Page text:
Report: More states prepared for public health threat


Despite almost losing measles elimination status and a current threat from a novel coronavirus, more US states are prepared to handle a public health threat this year than last year, according to a new report card from Trust for America's Health (TFAH), a Washington, D.C.–based health advocacy group. 

TFAH published its annual "Ready or Not" report card this week, and placed 25 states and the District of Colombia—compared to 2018's 17 states—in a high preparedness performance tier. Twelve states were placed in the middle tier, and 13 in a low tier.

"The increasing number of threats to Americans' health in 2019, from floods to wildfires to vaping, demonstrate the critical importance of a robust public health system. Being prepared is often the difference between harm or no harm during health emergencies and requires four things: planning, dedicated funding, interagency and jurisdictional cooperation, and a skilled public health workforce," said John Auerbach, MBA, the president and CEO of Trust for America's Health in a press statement.

The report card is based on 10 factors used to evaluate a state's readiness for a public health threat, including water security measures, accreditation by the Public Health Accreditation Board, and percentage of state's population that received seasonal influenza vaccine.

The biggest gain in preparedness came in the form of the Nurse Licensure Compact, which allows licensed nurses to practice in multiple jurisdictions during an emergency. Thirty-two states had the compact. 

Flu vaccine  rates rose slightly from 42% during the 2017-2018 flu season to 49% during the 2018-2019 season, but vaccination rates are still well below the 70% target, TFAH said.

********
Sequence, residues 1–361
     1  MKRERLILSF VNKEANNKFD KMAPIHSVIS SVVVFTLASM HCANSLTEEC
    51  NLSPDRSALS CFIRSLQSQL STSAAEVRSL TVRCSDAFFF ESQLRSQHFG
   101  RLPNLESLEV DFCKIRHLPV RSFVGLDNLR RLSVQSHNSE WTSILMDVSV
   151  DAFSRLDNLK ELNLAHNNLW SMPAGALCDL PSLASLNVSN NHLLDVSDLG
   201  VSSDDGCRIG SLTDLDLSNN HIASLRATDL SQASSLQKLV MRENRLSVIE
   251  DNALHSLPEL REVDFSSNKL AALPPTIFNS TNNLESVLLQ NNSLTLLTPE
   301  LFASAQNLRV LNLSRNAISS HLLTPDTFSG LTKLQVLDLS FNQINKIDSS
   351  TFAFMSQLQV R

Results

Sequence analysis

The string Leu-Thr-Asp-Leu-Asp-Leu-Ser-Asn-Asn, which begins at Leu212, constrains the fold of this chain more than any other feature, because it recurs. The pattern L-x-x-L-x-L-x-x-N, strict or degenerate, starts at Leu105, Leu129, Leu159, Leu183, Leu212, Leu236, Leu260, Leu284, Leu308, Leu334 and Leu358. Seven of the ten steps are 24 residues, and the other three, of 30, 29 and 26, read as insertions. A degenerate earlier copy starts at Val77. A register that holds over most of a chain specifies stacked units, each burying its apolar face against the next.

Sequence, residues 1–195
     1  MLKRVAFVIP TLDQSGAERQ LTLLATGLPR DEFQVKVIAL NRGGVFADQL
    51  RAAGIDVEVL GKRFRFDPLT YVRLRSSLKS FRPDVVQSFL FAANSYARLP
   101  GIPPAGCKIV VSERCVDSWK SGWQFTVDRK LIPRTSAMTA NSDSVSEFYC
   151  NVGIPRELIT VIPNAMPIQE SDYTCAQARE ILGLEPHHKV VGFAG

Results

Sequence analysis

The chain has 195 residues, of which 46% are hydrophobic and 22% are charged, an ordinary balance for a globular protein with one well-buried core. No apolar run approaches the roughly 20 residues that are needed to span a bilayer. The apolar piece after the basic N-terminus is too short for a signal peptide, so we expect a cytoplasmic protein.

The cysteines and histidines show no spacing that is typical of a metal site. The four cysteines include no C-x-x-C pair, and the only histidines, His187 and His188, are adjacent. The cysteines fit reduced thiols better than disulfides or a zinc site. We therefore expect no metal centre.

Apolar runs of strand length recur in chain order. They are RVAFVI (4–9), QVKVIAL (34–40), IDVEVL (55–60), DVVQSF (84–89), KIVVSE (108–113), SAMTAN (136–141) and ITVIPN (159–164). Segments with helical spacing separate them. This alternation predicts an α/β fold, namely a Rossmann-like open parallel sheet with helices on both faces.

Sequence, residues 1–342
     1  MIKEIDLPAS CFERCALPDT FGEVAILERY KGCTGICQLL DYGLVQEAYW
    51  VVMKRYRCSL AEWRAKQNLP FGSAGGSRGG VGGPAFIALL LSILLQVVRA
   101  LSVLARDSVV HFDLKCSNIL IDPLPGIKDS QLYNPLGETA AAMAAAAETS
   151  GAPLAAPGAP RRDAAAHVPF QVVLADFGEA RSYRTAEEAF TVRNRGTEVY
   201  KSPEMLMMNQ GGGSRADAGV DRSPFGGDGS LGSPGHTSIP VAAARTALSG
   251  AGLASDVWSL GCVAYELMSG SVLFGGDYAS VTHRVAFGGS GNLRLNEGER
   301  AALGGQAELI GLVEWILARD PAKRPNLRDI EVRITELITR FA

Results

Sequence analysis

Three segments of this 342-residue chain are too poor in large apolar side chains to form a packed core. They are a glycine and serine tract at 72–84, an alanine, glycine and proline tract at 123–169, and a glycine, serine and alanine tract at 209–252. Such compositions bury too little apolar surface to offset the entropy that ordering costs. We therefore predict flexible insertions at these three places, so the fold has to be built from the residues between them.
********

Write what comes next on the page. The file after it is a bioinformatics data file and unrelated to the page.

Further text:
Paid time off, hospital safety still concerns

In 2019, only 55% of employed people had access to paid time off, the same percentage as in 2018. TFAH said workers without paid time off are more likely to exacerbate infectious disease outbreaks,

"When workers without paid leave get sick, they face the choice of going to work and potentially infecting others or staying home and losing pay—or even their jobs," TFAH said. "Similarly, when workers without paid leave have children who get sick, they face the choice of sending their sick child to school and potentially infecting others or, again, staying home with their child and losing pay or even their jobs."

More concerning, TFAH said, was that only 30% of US hospitals earned top patient safety grades, up slightly from 28% in 2018.

"Hospital safety scores measure performance on such issues as healthcare associated infection rates, intensive-care capacity and an overall culture of error prevention," TFAH said. "Such measures are critical to patient safety during infectious disease outbreaks and are also a measure of a hospital's ability to perform well during an emergency.”

See also:

Feb 2020 TFAH Ready or Not report

TFAH press release

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